Curtis Sittenfeld's poignant and occassionally angst-ridden debut novel Prep is the story of Lee Fiora, a South Bend, Indiana, teenager who wins a scholarship to the prestigious Ault school, an East Coast institution where "money was everywhere on campus, but it was usually invisible." As we follow Lee through boarding school, we witness firsthand the triumphs and tragedies that shape our heroine's coming-of-age. Yet while Sittenfeld may be a skilled storyteller, her real gift lies in her ability to expertly give voice to what is often described as the most alienating period in a young person's life: high school.
True to its genre, Prep is filled with boarding school stereotypes--from the alienated gay student to the picture perfect blond girl; the achingly earnest first-year English teacher and the dreamy star basketball player who never mentions the fact that he's Jewish. Lee's status as an outsider is further affirmed after her parents drive 18 hours in their beat-up Datsun to attend Parent's Weekend, where most of the kids "got trashed and ended up skinny-dipping in the indoor pool" at their parents' fancy hotel. Yet even as the weekend deteriorates into disaster and ends with a heartbreaking slap across the face, Sittenfeld never blames or excuses anyone; rather, she simply incorporates the experience into Lee's sense of self. ("How was I supposed to understand, when I applied at the age of thirteen, that you have your whole life to leave your family?")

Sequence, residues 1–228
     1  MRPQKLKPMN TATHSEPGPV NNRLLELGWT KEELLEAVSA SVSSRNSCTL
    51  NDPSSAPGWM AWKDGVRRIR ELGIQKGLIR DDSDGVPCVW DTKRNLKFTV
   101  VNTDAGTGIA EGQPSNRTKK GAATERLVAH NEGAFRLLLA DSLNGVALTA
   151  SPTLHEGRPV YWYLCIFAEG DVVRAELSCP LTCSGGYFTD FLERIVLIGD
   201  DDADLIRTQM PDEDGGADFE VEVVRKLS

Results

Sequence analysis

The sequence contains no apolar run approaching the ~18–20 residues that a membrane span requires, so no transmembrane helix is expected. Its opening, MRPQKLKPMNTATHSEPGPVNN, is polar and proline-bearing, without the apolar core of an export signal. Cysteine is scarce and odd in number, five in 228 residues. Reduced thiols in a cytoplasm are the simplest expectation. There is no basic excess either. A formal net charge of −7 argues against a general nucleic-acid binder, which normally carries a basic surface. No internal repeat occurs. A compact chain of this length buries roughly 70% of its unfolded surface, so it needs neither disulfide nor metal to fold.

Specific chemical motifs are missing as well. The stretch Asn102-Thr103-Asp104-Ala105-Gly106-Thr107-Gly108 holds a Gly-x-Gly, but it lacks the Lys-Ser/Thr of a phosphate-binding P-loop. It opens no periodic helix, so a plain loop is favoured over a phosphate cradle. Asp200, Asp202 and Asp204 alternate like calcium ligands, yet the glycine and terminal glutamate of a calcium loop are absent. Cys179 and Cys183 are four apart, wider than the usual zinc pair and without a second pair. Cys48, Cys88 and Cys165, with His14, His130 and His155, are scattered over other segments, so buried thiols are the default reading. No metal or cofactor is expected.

By the time Lee graduates from Ault, some readers may tire of her constant worrying and self-doubting obsessions. However, every time we feel close to giving up on her, Sittenfeld reels us back in and makes us root for Lee. In doing so, perhaps we are rooting for every high school student who's ever wanted nothing more than to belong. --Gisele Toueg [via]